Everyone seems to be in such a hurry to just get over it. You know what I mean. Someone suffers the devastating loss of a loved one – a parent, partner, or child. His friends give him a decent amount of time and then start telling him to “get over it” and “move on.” People tend to give an interval for grief, and then they seem to want the same person back. I’d like to think that they only have the grieving person’s well-being in mind, but I’m not sure that’s always the case. They want their old friend back, you know, the one who didn’t have this large emotional burden. They think that if they can finish grieving, things will go back to the way they were. I understand that, but what they create is a person who is now grieving, and feels guilty for that grief, because it makes his or her friends feel bad. I’m sorry, but that seems a little twisted to me.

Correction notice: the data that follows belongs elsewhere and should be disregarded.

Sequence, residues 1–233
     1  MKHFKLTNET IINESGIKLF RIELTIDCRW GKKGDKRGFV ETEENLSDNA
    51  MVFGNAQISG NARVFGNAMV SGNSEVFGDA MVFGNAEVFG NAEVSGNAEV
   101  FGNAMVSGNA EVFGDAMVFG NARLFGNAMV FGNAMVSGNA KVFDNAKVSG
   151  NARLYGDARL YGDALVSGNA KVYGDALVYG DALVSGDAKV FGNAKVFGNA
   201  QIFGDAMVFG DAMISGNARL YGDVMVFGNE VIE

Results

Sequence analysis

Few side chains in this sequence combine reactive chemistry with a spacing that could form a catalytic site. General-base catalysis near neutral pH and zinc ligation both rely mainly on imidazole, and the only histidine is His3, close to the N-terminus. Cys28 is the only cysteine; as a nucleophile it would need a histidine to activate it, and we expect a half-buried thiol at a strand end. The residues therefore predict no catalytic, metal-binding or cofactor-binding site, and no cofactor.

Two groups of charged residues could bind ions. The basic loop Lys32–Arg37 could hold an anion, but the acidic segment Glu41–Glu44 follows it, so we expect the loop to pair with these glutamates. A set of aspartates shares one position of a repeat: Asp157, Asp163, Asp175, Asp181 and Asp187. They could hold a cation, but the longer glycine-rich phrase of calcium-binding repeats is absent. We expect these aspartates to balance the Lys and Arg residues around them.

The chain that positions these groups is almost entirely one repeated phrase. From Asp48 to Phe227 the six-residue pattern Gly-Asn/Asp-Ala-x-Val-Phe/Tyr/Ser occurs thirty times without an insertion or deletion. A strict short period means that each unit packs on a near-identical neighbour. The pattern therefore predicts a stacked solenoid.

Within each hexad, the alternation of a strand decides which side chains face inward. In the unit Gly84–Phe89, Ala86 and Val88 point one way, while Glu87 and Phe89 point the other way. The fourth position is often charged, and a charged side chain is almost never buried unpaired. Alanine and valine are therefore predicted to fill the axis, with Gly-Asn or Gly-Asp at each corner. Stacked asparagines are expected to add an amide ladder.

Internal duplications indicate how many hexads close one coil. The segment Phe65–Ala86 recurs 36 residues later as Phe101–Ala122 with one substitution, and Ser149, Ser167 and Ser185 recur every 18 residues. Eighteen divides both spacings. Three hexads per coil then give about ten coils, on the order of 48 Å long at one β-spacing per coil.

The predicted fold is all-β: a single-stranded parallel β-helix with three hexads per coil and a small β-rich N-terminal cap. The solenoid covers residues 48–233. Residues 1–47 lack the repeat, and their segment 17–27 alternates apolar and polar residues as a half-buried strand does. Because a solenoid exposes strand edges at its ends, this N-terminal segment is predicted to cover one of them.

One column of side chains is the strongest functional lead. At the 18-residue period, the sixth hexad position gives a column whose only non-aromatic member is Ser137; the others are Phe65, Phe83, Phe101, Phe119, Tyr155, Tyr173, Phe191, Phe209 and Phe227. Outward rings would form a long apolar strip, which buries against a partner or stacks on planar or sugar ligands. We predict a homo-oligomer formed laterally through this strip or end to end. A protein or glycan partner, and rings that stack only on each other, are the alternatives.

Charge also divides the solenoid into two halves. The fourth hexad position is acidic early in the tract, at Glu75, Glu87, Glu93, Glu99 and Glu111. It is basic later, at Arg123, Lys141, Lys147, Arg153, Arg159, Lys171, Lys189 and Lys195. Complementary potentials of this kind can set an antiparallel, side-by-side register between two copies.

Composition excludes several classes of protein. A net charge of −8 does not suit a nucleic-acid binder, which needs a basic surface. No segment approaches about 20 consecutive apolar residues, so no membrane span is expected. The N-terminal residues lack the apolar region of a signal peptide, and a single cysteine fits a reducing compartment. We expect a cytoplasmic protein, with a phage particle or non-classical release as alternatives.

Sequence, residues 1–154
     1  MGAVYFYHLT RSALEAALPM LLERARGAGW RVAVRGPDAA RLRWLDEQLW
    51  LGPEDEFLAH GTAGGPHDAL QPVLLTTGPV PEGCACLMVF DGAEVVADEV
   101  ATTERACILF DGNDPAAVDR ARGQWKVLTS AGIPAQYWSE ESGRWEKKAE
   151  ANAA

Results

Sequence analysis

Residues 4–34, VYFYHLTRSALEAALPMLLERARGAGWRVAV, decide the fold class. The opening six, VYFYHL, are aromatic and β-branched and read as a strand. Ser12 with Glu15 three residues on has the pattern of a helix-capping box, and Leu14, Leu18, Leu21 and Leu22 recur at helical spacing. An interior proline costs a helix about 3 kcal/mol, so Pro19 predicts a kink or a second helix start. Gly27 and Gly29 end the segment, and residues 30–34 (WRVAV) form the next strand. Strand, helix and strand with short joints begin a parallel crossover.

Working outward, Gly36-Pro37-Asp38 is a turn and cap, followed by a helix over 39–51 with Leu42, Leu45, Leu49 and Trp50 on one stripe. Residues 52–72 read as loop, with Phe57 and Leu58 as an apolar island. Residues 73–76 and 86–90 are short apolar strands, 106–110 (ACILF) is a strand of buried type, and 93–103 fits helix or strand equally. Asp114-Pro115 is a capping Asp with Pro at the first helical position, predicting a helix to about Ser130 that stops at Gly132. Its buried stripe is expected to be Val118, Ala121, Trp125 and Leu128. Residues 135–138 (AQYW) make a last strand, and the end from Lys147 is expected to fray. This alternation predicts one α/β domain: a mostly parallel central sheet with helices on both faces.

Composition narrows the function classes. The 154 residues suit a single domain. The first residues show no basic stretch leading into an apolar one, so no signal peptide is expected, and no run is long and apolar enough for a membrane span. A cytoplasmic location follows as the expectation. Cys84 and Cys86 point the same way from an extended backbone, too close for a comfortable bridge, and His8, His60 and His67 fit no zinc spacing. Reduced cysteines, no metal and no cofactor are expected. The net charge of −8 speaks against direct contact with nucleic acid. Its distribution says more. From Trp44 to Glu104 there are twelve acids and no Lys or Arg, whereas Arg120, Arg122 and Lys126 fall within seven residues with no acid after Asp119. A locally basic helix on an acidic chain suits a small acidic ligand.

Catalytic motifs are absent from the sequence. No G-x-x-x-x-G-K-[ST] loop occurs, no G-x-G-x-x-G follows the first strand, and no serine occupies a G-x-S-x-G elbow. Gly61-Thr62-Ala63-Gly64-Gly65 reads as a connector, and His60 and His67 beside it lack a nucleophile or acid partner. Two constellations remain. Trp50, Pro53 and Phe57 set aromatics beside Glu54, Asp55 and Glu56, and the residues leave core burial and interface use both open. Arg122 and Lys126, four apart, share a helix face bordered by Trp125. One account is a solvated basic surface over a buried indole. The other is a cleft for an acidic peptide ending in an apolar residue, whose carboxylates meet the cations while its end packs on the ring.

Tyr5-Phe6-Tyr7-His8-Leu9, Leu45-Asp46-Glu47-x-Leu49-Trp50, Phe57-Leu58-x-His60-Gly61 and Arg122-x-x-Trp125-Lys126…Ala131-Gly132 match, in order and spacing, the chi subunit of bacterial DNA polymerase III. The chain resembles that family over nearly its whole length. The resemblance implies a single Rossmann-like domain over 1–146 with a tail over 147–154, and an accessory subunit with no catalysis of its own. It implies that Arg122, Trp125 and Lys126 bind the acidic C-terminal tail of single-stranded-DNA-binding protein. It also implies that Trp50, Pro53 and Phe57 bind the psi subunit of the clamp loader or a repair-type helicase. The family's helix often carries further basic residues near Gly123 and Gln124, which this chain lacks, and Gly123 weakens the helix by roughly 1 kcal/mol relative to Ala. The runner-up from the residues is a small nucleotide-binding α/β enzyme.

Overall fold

Here’s the deal. They never return to being the person they used to be. They never get over it. They learn to cope, they somehow keep living, but they are always changed. If we are real friends, we honor that. We may grieve the loss of the friend that we used to have, but we need to appreciate the friend that we have now that will never be the same. Eventually, grief fades in intensity somewhat, but how long it takes is different for everyone. And they are changed forever. They may bounce back to someone similar to who we knew before. They may even look and sound the same sometimes, but they aren’t the same, and we shouldn’t expect them to be.
There is no getting over it. Moving on can happen, but as a friend to the one suffering from loss, it may take longer than we feel comfortable watching. As friends of the grieved, we just have to get over it ourselves. We will never have the same friend back, untouched by what has happened. And we shouldn’t ask them to be. We just need to accept and appreciate them for who they are now, even when that’s uncomfortable for us.